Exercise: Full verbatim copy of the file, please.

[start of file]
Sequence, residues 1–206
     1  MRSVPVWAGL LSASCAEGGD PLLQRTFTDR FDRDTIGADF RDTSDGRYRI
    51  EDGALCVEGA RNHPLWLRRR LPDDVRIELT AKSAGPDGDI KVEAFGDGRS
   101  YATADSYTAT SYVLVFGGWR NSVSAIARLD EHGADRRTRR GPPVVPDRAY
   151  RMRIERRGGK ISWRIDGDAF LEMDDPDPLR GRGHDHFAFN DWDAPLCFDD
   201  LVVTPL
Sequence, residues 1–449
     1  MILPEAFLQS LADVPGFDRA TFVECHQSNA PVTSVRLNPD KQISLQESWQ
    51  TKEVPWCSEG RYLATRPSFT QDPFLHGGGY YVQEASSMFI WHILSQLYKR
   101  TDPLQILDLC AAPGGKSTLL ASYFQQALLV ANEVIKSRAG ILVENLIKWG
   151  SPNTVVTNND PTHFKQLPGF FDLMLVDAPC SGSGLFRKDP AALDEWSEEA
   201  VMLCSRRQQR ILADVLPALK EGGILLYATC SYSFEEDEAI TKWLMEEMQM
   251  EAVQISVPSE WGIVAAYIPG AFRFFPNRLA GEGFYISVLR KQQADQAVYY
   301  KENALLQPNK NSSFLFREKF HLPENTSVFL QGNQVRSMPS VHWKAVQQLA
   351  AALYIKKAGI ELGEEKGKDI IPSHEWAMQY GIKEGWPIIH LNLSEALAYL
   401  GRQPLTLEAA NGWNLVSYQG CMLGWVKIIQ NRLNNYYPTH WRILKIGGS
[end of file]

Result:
Sequence, residues 1–206
     1  MRSVPVWAGL LSASCAEGGD PLLQRTFTDR FDRDTIGADF RDTSDGRYRI
    51  EDGALCVEGA RNHPLWLRRR LPDDVRIELT AKSAGPDGDI KVEAFGDGRS
   101  YATADSYTAT SYVLVFGGWR NSVSAIARLD EHGADRRTRR GPPVVPDRAY
   151  RMRIERRGGK ISWRIDGDAF LEMDDPDPLR GRGHDHFAFN DWDAPLCFDD
   201  LVVTPL
Sequence, residues 1–449
     1  MILPEAFLQS LADVPGFDRA TFVECHQSNA PVTSVRLNPD KQISLQESWQ
    51  TKEVPWCSEG RYLATRPSFT QDPFLHGGGY YVQEASSMFI WHILSQLYKR
   101  TDPLQILDLC AAPGGKSTLL ASYFQQALLV ANEVIKSRAG ILVENLIKWG
   151  SPNTVVTNND PTHFKQLPGF FDLMLVDAPC SGSGLFRKDP AALDEWSEEA
   201  VMLCSRRQQR ILADVLPALK EGGILLYATC SYSFEEDEAI TKWLMEEMQM
   251  EAVQISVPSE WGIVAAYIPG AFRFFPNRLA GEGFYISVLR KQQADQAVYY
   301  KENALLQPNK NSSFLFREKF HLPENTSVFL QGNQVRSMPS VHWKAVQQLA
   351  AALYIKKAGI ELGEEKGKDI IPSHEWAMQY GIKEGWPIIH LNLSEALAYL
   401  GRQPLTLEAA NGWNLVSYQG CMLGWVKIIQ NRLNNYYPTH WRILKIGGS